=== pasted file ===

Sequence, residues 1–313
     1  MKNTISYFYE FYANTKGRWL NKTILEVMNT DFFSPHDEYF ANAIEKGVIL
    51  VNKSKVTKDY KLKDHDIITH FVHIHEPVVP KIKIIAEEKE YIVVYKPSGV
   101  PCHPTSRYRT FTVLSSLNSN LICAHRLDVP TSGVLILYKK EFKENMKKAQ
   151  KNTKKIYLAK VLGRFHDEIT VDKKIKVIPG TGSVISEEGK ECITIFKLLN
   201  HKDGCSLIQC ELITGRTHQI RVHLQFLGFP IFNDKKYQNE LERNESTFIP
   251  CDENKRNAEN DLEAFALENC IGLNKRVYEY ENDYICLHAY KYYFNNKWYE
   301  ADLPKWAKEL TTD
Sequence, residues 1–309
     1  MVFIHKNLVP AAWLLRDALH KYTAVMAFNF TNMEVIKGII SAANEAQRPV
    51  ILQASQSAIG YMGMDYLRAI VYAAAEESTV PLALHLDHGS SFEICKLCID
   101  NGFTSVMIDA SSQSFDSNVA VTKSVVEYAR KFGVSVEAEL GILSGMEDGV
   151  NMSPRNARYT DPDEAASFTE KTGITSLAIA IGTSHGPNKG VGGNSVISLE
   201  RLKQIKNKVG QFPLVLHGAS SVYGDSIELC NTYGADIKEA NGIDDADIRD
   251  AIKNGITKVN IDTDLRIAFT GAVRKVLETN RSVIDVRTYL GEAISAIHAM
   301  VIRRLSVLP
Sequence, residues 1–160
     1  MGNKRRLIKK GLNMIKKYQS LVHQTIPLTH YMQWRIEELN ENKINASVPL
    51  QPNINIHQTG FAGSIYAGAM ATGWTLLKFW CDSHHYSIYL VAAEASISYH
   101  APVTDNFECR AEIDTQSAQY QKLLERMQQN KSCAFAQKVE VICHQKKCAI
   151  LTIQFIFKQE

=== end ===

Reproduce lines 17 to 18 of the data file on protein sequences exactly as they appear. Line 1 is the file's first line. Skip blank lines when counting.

Sequence, residues 1–160
     1  MGNKRRLIKK GLNMIKKYQS LVHQTIPLTH YMQWRIEELN ENKINASVPL